How can a poet commit suicide When he is still not listening properly to his Muse, Or a lover of Virtue when He is always putting her off until tomorrow? Yet a time may come when a poet or any person Having a long life behind him, pleasure and sorrow, But feeble now and expensive to his country And on the point of no longer being able to make a decision May fancy Life comes to him with love and says: We are friends enough now for me to give you death; Then he may commit suicide, then He may go.
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In The Night

 I longed for companionship rather,
But my companions I always wished farther.
And now in the desolate night I think only of the people i should like to bite.
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Mother Among The Dustbins

 Mother, among the dustbins and the manure
I feel the measure of my humanity, an allure
As of the presence of God, I am sure

In the dustbins, in the manure, in the cat at play,
Is the presence of God, in a sure way
He moves there.
Mother, what do you say? I too have felt the presence of God in the broom I hold, in the cobwebs in the room, But most of all in the silence of the tomb.
Ah! but that thought that informs the hope of our kind Is but an empty thing, what lies behind? -- Naught but the vanity of a protesting mind That would not die.
This is the thought that bounces Within a conceited head and trounces Inquiry.
Man is most frivolous when he pronounces.
Well Mother, I shall continue to think as I do, And I think you would be wise to do so too, Can you question the folly of man in the creation of God? Who are you?
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Not Waving But Drowning

 Nobody heard him, the dead man,
But still he lay moaning:
I was much further out than you thought
And not waving but drowning.
Poor chap, he always loved larking And now he's dead It must have been too cold for him his heart gave way, They said.
Oh, no no no, it was too cold always (Still the dead one lay moaning) I was much too far out all my life And not waving but drowning.
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The Jungle Husband

 Dearest Evelyn, I often think of you
Out with the guns in the jungle stew
Yesterday I hittapotamus
I put the measurements down for you but they got lost in the fuss
It's not a good thing to drink out here
You know, I've practically given it up dear.
Tomorrow I am going alone a long way Into the jungle.
It is all grey But green on top Only sometimes when a tree has fallen The sun comes down plop, it is quite appalling.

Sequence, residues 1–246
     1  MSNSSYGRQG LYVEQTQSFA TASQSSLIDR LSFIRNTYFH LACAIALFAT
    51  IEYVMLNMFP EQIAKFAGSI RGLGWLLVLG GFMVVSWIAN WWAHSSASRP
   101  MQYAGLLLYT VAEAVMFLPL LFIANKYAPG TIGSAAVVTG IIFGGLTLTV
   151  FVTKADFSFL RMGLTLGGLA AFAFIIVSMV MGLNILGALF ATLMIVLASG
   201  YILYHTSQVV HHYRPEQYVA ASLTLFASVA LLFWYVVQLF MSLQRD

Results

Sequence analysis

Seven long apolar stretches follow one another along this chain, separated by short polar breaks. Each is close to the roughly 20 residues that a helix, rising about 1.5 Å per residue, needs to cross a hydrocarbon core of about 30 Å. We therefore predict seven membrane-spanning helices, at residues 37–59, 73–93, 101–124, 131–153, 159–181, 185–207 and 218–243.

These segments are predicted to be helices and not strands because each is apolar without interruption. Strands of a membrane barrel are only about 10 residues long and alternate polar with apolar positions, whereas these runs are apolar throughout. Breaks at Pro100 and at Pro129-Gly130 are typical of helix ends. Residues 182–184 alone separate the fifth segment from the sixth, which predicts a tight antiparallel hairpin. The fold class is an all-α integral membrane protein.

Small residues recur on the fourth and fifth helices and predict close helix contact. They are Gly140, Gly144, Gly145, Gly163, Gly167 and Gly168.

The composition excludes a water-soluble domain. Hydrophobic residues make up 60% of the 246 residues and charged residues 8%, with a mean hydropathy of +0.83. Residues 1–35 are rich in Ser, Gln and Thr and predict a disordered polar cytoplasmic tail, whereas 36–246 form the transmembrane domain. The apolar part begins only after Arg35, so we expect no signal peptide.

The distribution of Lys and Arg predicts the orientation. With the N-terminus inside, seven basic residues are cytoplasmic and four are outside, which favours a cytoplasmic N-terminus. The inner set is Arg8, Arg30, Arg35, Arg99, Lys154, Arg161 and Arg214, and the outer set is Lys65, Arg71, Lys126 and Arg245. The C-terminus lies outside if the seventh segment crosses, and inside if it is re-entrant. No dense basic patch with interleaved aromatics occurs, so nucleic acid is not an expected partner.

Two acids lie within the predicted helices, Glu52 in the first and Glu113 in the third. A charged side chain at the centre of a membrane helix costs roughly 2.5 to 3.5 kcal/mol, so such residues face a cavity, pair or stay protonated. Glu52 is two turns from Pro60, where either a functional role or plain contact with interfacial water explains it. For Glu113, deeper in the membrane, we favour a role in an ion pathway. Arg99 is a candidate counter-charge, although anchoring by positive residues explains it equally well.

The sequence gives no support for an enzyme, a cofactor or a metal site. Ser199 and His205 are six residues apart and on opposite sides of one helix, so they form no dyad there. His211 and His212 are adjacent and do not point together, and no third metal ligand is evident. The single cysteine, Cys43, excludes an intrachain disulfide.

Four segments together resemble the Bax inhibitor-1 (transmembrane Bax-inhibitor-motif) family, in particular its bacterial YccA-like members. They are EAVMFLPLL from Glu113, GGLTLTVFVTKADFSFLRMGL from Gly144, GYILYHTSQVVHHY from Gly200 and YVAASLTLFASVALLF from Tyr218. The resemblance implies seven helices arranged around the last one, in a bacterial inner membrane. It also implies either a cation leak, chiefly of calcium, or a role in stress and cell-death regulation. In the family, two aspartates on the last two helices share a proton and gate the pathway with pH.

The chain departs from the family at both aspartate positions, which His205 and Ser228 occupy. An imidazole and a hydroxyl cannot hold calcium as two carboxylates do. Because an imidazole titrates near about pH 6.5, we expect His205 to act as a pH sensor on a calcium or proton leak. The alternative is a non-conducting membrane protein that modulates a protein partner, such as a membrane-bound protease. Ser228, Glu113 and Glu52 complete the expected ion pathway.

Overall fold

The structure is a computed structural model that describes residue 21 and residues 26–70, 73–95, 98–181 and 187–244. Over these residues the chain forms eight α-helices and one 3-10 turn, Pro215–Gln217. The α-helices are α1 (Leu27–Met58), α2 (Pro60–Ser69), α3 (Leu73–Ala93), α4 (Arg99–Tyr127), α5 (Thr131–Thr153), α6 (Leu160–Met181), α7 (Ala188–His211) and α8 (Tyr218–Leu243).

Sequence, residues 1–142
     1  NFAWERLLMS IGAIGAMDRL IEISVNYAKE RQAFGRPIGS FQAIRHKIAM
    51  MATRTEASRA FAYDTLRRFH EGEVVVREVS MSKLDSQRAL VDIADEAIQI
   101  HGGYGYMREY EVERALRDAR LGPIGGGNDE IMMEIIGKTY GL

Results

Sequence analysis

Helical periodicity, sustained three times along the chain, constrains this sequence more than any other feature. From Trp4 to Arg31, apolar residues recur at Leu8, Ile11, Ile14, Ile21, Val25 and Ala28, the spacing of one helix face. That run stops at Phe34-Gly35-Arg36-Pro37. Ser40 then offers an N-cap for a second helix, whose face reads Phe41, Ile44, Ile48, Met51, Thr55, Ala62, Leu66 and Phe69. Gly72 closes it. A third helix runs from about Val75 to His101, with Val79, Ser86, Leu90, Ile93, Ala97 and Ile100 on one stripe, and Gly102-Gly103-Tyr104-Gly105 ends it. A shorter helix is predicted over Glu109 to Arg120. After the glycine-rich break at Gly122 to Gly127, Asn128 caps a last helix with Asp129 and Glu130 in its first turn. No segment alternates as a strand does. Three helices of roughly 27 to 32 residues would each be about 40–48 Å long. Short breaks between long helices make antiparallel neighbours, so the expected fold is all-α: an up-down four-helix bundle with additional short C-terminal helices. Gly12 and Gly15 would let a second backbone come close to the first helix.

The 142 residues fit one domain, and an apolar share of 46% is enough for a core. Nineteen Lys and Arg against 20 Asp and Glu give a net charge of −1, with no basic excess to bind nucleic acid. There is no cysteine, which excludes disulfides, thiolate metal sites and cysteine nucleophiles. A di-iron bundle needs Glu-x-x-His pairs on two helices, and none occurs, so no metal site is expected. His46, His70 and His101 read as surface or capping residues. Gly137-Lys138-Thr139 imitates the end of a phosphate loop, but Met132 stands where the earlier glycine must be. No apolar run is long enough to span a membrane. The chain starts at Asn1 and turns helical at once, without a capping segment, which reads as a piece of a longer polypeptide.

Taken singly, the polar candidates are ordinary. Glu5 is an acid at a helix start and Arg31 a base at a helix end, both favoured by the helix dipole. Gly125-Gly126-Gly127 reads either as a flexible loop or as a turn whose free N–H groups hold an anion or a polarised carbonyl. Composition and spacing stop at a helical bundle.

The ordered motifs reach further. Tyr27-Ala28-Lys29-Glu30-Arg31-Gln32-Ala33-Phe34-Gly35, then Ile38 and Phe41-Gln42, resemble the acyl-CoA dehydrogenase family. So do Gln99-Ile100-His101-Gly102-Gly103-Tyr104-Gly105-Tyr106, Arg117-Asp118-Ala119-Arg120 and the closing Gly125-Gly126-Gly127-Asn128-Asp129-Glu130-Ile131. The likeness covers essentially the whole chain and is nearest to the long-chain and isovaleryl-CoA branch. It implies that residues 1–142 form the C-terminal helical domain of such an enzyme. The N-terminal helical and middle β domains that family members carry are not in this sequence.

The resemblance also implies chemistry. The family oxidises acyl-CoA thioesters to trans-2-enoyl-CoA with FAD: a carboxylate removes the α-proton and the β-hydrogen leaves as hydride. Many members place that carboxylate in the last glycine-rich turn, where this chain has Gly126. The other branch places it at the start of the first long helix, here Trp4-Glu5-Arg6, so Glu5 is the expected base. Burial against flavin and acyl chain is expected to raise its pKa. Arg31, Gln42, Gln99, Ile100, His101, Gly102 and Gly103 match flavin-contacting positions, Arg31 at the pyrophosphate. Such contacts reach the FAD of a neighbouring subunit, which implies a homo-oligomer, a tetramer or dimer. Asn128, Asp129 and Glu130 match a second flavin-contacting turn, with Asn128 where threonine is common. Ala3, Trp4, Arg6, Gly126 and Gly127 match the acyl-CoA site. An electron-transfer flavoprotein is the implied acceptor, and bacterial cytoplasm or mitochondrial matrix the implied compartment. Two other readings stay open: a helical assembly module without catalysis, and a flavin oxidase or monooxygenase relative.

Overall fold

You never want to go in a jungle pool In the hot sun, it would be the act of a fool Because it's always full of anacondas, Evelyn, not looking ill-fed I'll say.
So no more now, from your loving husband Wilfred.
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I Do Not Speak

 I do not ask for mercy for understanding for peace
And in these heavy days I do not ask for release
I do not ask that suffering shall cease.
I do not pray to God to let me die To give an ear attentive to my cry To pause in his marching and not hurry by.
I do not ask for anything I do not speak I do not question and I do not seek I used to in the day when I was weak.
Now I am strong and lapped in sorrow As in a coat of magic mail and borrow From Time today and care not for tomorrow.
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Drugs Made Pauline Vague

 Drugs made Pauline vague.
She sat one day at the breakfast table Fingering in a baffled way The fronds of the maidenhair plant.
Was it the salt you were looking for dear? said Dulcie, exchanging a glance with the Brigadier.
Chuff chuff Pauline what's the matter? Said the Brigadier to his wife Who did not even notice What a handsome couple they made.
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The Reason

 My life is vile
 I hate it so
 I'll wait awhile
 And then I'll go.
Why wait at all? Hope springs alive, Good may befall I yet may thrive.
It is because I can't make up my mind If God is good, impotent or unkind.
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Alone In The Woods

 Alone in the woods I felt
The bitter hostility of the sky and the trees
Nature has taught her creatures to hate
Man that fusses and fumes
Unquiet man
As the sap rises in the trees
As the sap paints the trees a violent green
So rises the wrath of Nature's creatures
At man
So paints the face of Nature a violent green.
Nature is sick at man Sick at his fuss and fume Sick at his agonies Sick at his gaudy mind That drives his body Ever more quickly More and more In the wrong direction.